U.S. v. Parrish

Decision Date13 February 1991
Docket NumberNo. 90-4001,90-4001
PartiesUNITED STATES of America, Plaintiff-Appellee, v. Phillip A. PARRISH, Defendant-Appellant.
CourtU.S. Court of Appeals — Tenth Circuit

Ronald J. Yengich, Yengich, Rich, Xaiz & Metos, Salt Lake City, Utah, for defendant-appellant.

Dee Benson, U.S. Atty., and Tena Campbell, Asst. U.S. Atty., Salt Lake City, Utah, for plaintiff-appellee.

Before TACHA and McWILLIAMS, Circuit Judges, and NOTTINGHAM, District Judge. *

TACHA, Circuit Judge.

Defendant-appellant Phillip Parrish appeals a conviction of attempting to possess one kilogram of cocaine with intent to distribute in violation of 21 U.S.C. Sec. 841(a)(1), using or carrying a firearm in connection with a drug trafficking offense in violation of 18 U.S.C. Sec. 924(c)(1), and possessing 113.4 grams of cocaine with intent to distribute in violation of 21 U.S.C. Sec. 841(a)(1). Parrish contends the district court erred by: (1) denying a motion to suppress evidence found at his apartment because the underlying affidavit for the search warrant lacked probable cause, (2) finding the evidence was sufficient to support the jury's finding that he possessed cocaine with intent to distribute and used or carried a firearm in connection with a drug trafficking offense, (3) failing to sever Parrish's trial from that of his co-defendants, and (4) refusing to instruct the jury on the minimum mandatory sentences. We exercise jurisdiction under 28 U.S.C. Sec. 1291 and affirm. 1

On March 7, 1989, Morgan Sayes, an undercover agent with the Metropolitan Narcotics Task Force, purchased one ounce of cocaine from Laura Snell and her boyfriend, Greg Efron, at the Sunburst Apartments in Salt Lake City, Utah. Sayes purchased cocaine from Snell and Efron again on March 23. During this transaction, agent Sayes told Efron he was going to purchase five kilograms of cocaine and asked Efron if he would like to purchase two of them. Efron said he would contact his source to see if his source was interested. During a telephone conversation between Efron and Sayes on March 29, Sayes again indicated he would contact "his man" but believed his source would only want to purchase one kilogram. Efron told Sayes to call him back in an hour.

When Sayes called later that evening, Efron told him to come over to the apartment. Sayes drove to the Sunburst Apartments followed at a distance by officers from the Metropolitan Narcotics Strike Force. When Sayes arrived at the apartment, he noticed the bedroom door was closed. After some preliminary negotiations, Sayes insisted on examining the money before the transaction went any farther. Snell went into the bedroom, making sure the door was closed after her. She quickly returned with $14,870 in cash.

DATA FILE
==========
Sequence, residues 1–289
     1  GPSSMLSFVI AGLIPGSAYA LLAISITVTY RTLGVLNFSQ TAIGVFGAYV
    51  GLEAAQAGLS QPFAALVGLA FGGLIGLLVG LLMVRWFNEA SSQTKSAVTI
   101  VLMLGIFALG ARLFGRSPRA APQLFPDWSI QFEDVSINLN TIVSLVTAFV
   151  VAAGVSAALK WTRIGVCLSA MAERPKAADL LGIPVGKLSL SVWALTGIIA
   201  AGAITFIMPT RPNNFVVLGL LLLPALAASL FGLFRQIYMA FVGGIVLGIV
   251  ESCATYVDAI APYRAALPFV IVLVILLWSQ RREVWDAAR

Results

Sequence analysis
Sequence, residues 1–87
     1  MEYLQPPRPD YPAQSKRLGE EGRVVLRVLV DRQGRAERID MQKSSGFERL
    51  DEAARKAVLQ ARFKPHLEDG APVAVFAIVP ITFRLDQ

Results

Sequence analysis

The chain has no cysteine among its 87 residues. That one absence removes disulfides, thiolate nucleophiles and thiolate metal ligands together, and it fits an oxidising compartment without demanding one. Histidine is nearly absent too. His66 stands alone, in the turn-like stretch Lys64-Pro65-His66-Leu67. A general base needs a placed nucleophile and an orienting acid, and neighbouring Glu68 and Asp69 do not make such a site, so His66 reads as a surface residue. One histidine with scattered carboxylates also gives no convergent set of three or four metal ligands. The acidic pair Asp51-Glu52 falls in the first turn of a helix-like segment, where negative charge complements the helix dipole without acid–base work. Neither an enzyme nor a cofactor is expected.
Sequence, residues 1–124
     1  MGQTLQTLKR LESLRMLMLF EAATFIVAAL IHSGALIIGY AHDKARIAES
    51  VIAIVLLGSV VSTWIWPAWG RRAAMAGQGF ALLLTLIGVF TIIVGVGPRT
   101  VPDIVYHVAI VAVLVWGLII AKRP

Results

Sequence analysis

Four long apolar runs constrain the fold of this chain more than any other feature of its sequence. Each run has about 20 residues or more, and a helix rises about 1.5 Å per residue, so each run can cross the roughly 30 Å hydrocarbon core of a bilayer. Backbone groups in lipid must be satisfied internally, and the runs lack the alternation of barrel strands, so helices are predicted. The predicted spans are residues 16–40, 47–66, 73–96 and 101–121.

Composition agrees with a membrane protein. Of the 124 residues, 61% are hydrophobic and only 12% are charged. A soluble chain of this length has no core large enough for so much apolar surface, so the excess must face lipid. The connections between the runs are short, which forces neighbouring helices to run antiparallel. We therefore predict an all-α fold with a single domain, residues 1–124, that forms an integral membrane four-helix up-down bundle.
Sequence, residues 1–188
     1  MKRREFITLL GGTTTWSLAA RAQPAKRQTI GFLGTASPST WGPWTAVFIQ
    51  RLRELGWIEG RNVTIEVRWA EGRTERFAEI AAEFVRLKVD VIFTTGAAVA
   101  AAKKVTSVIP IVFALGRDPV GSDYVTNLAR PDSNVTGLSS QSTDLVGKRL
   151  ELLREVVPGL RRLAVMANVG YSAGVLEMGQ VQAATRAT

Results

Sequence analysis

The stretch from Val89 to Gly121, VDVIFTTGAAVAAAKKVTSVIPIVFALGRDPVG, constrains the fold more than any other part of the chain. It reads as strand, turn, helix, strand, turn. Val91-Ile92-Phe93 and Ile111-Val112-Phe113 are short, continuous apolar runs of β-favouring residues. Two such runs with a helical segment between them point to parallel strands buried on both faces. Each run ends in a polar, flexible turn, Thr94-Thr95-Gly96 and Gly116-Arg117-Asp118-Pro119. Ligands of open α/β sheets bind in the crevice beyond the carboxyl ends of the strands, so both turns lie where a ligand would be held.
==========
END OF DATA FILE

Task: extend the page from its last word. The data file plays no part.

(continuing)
After examining the money, Sayes told Efron and Snell he was going to get the cocaine. He then walked outside and signaled the officers to make the arrest. The officers entered the apartment and arrested Efron, Snell, and Parrish, who was hiding in a walk-in closet in the bedroom. The officers found a loaded .45 caliber pistol on the shelf above Parrish within his reach. His name was scratched on the magazine of the pistol. The officers found a small amount of cocaine in the closet. In searching Efron incident to the arrest, the officers found a key to Parrish's apartment. They obtained a telephonic search warrant to search that apartment, where they found approximately one-quarter pound of cocaine. Although three adults were in Parrish's apartment when the officers arrived, none of them was arrested.

A federal grand jury returned a multi-count indictment against Efron, Snell, and Parrish. All three were tried jointly before a jury. Parrish was convicted of attempting to possess one kilogram of cocaine with intent to distribute, using and carrying a firearm in connection with a drug trafficking offense, and possessing 113.4 grams of cocaine with intent to distribute.

I. Probable Cause for the Search Warrant

Probable cause to issue a warrant exists if there are "[s]ufficient facts ... for a reasonably prudent person to believe that a search of the described premises would uncover evidence of a crime." United States v. Burns, 624 F.2d 95, 99 (10th Cir.), cert. denied, 449 U.S. 954, 101 S.Ct. 361, 66 L.Ed.2d 219 (1980). Our duty as a reviewing court is simply to ensure the magistrate had a substantial basis for concluding probable cause existed. Illinois v. Gates, 462 U.S. 213, 238, 103 S.Ct. 2317, 2332, 76 L.Ed.2d 527 (1983).

Here, the affidavit of Bill McCarthy of the Metropolitan Narcotics Strike Force states Efron told Sayes on the telephone he would take the cocaine from their transaction to the apartment of his source. The affidavit also states Parrish gave the address of his apartment to the officers when he was arrested. One of the officers present at the arrest, Detective Houseley, testified she recognized Parrish's name and address as that of a known narcotics trafficker subject to an on-going investigation. She explained she had been on a narcotics surveillance at his apartment. Based on this evidence, we are convinced the magistrate had a substantial basis for concluding there was probable cause for issuing the warrant.